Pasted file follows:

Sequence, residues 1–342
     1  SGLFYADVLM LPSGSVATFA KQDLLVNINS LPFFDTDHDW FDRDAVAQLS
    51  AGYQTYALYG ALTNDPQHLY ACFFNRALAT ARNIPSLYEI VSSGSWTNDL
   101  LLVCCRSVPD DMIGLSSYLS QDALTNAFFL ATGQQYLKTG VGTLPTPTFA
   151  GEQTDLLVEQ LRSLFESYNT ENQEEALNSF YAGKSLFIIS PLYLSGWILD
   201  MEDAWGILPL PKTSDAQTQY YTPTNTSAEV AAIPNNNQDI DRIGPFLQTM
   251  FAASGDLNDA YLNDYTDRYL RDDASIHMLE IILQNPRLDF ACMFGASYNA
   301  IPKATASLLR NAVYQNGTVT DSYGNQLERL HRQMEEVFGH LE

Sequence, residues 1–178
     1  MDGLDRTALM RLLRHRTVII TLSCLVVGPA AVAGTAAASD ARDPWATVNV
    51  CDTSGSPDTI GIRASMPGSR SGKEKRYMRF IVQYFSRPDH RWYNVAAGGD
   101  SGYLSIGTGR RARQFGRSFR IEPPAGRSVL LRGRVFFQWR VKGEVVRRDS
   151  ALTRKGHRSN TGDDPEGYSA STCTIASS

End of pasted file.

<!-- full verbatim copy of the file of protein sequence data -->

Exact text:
Sequence, residues 1–342
     1  SGLFYADVLM LPSGSVATFA KQDLLVNINS LPFFDTDHDW FDRDAVAQLS
    51  AGYQTYALYG ALTNDPQHLY ACFFNRALAT ARNIPSLYEI VSSGSWTNDL
   101  LLVCCRSVPD DMIGLSSYLS QDALTNAFFL ATGQQYLKTG VGTLPTPTFA
   151  GEQTDLLVEQ LRSLFESYNT ENQEEALNSF YAGKSLFIIS PLYLSGWILD
   201  MEDAWGILPL PKTSDAQTQY YTPTNTSAEV AAIPNNNQDI DRIGPFLQTM
   251  FAASGDLNDA YLNDYTDRYL RDDASIHMLE IILQNPRLDF ACMFGASYNA
   301  IPKATASLLR NAVYQNGTVT DSYGNQLERL HRQMEEVFGH LE

Sequence, residues 1–178
     1  MDGLDRTALM RLLRHRTVII TLSCLVVGPA AVAGTAAASD ARDPWATVNV
    51  CDTSGSPDTI GIRASMPGSR SGKEKRYMRF IVQYFSRPDH RWYNVAAGGD
   101  SGYLSIGTGR RARQFGRSFR IEPPAGRSVL LRGRVFFQWR VKGEVVRRDS
   151  ALTRKGHRSN TGDDPEGYSA STCTIASS